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The Cross Of Iron

An assembly from the Culham St Gabriel archive

Suitable for Whole School (Sec)


To explore letting go of things in the past.

Preparation and materials

  • You might want to choose some soothing, meditative music to play quietly as a mood-enhancing background to this presentation.


 Display a photograph of the Cross of Iron as the students walk on to the stage.

Reader From the First Letter of Paul to the Corinthians (13:11–12, NRSV):

When I was a child, I spoke like a child  . . .  when I became an adult, I put an end to childish ways.

Speaker 1 On a hill in Northern Spain, there's an old iron cross that is passed by many pilgrims who are travelling along the route known as the Camino.

Speaker 2 The Camino is an annual pilgrimage. People walk for hundreds of miles to get to the cathedral in Santiago de Compostela.

Speaker 1 The Iron Cross – or Cruz de Hierro as it's called in Spanish – has a tradition attached to it. It's a place where people can leave things they no longer need.

Display a second photograph, showing the tokens people leave attached to or near the Iron Cross.

Speaker 2 People leave tokens to represent all kinds of things they want to leave behind here, so there are scraps of fabric, stones, hats  . . .

Speaker 1 Quite a few postcards and some photos . . .

Speaker 2 Various messages written on scraps of paper . . .

Speaker 1 These are things – or represent things – they no longer need in their lives.

Speaker 2 I notice no one has left a nice phone or a huge bar of chocolate! Funny that.

Speaker 1 What a pity. Why, though, do these people leave things here?

Speaker 2 It's quite a symbolic and meaningful act. What would you leave behind now if you had a chance to throw away things that you no longer need? Are you carrying things around with you that are holding you back? Have a good think about it.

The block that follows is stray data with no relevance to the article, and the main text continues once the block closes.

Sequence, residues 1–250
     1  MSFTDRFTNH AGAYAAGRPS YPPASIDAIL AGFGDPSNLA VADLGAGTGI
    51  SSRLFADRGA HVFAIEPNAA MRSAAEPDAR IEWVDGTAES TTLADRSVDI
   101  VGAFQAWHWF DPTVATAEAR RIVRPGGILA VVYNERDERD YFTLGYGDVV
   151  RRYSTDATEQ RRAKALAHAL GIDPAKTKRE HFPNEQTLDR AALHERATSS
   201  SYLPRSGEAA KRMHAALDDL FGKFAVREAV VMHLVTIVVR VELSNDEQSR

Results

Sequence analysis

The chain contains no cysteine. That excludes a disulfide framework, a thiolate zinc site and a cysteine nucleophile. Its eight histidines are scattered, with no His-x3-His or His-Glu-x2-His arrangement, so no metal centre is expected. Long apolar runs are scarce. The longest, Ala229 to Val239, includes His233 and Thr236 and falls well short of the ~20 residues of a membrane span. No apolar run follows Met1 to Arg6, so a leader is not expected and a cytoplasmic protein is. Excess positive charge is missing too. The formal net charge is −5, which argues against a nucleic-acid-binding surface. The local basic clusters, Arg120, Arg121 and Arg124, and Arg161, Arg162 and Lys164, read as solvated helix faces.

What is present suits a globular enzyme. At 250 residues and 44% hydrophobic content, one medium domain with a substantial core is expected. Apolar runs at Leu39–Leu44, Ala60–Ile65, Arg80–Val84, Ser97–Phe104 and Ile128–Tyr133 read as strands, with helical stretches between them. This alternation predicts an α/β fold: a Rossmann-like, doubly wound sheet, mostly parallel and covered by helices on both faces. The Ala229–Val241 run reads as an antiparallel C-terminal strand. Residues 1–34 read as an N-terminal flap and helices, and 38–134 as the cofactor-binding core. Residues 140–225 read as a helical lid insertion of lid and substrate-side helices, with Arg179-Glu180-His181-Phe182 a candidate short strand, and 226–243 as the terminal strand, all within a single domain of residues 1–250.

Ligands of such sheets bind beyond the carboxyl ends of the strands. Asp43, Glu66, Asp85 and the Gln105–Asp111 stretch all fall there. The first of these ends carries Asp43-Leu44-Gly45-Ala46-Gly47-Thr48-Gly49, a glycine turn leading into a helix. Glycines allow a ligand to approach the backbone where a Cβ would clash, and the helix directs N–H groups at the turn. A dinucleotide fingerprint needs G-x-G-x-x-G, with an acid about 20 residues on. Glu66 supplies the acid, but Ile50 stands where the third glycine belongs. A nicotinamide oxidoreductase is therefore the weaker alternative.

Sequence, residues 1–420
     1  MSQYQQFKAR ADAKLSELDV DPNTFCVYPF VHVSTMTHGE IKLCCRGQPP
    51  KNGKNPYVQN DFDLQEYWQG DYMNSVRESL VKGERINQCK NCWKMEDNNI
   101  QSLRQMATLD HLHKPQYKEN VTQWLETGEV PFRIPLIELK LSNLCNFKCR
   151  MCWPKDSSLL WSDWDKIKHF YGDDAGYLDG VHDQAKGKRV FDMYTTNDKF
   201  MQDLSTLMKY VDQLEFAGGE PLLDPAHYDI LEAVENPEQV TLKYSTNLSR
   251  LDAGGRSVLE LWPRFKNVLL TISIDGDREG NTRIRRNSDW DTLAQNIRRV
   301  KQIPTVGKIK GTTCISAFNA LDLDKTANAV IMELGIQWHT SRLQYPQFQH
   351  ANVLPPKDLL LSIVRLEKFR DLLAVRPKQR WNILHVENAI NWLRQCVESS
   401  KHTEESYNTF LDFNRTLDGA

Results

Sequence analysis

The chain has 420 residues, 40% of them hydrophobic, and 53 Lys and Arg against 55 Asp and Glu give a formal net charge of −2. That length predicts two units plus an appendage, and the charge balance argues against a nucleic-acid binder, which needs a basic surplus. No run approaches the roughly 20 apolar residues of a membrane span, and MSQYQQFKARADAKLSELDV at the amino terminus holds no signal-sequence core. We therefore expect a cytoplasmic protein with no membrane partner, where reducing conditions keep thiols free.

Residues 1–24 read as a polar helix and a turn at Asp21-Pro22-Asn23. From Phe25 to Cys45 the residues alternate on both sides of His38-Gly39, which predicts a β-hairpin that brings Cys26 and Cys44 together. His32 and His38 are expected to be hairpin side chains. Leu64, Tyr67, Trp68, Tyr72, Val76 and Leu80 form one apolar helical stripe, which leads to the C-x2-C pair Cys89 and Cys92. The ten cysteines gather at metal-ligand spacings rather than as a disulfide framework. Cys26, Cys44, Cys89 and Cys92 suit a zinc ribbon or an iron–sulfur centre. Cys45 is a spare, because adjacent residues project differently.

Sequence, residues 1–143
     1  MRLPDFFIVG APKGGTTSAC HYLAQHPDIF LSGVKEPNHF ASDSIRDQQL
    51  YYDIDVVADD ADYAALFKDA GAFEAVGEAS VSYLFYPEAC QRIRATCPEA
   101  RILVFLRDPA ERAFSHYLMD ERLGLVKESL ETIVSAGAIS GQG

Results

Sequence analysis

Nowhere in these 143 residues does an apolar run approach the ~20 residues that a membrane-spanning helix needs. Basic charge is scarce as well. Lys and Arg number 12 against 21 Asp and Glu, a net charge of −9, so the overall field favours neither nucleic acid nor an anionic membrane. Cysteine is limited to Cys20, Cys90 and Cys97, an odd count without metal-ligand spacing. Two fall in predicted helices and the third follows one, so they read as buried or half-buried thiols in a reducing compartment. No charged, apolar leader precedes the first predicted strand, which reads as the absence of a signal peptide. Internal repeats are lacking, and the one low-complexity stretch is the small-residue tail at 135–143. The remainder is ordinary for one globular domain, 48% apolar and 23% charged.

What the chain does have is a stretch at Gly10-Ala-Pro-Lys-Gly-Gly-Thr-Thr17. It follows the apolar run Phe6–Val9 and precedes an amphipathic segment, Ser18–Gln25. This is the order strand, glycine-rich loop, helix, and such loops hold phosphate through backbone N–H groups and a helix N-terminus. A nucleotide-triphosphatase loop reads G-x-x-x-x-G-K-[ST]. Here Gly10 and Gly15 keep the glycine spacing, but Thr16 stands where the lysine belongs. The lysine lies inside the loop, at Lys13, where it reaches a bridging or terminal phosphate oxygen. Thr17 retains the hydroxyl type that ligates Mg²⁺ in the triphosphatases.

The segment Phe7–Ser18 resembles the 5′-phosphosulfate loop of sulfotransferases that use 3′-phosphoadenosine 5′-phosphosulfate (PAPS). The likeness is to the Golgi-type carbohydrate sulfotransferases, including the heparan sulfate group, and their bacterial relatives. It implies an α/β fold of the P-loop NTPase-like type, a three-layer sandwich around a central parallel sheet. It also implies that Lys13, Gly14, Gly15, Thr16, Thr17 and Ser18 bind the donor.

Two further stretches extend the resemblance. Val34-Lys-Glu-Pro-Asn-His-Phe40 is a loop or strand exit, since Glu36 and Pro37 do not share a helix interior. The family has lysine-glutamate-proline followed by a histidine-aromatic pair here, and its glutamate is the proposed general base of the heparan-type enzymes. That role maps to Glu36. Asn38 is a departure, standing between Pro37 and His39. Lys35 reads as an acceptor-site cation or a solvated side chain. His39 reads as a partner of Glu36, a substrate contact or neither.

Give the students time to think.


When I was a child, I spoke like a child, I thought like a child, I reasoned like a child; when I became an adult, I put an end to childish ways.

Give the students time to think.

Speaker 1 Are you saying that, in order to develop and grow, there comes a time when you have to let go of some of the things that only belong in your past?

Speaker 2 We probably all have physical things that we don't need any more. Old clothes that don't fit us now. Maybe someone else could use them. As well as physical things, though, there are other things that we come to realize we should leave behind.

Speaker 1 For instance?

Speaker 2 For instance – what about regrets? Regrets for things we've done. Call it guilt, if you like. If you feel guilty because you lied to someone, isn't it better to admit the fault and start afresh without that guilt hanging around your neck?

Speaker 1 The same would be true of pinching something or not caring about something or not helping someone who really needed your help. We've all done things we're not particularly proud of. As we get older, we can see our mistakes more clearly and that clarity gives us the power to wipe the slate clean of anything we regret.

Speaker 2 God is there to help in that process. He invites us to come clean and start anew. As soon as you are old enough to realize that you made a mistake, then you are also big enough to get it sorted and out of the way.

Time for reflection


. . .  when the complete comes, the partial will come to an end. When I was a child, I spoke like a child,I thought like a child, I reasoned like a child; when I became an adult, I put an end to childish ways.

Speaker 1 Another year has begun. During last year, I’m sure we all made mistakes from time to time. Because we're all another year older, we can see the value in leaving behind childish attitudes – unless you want to remain a child forever, that is. Do you?

Speaker 2 Let's spend a few moments thinking about that. Think about the stuff you're not prepared to do any more, because you've put away childish things.

After a few more moments, bring the presentation to a close.

Publication date: February 2015   (Vol.17 No.2)    Published by SPCK, London, UK.
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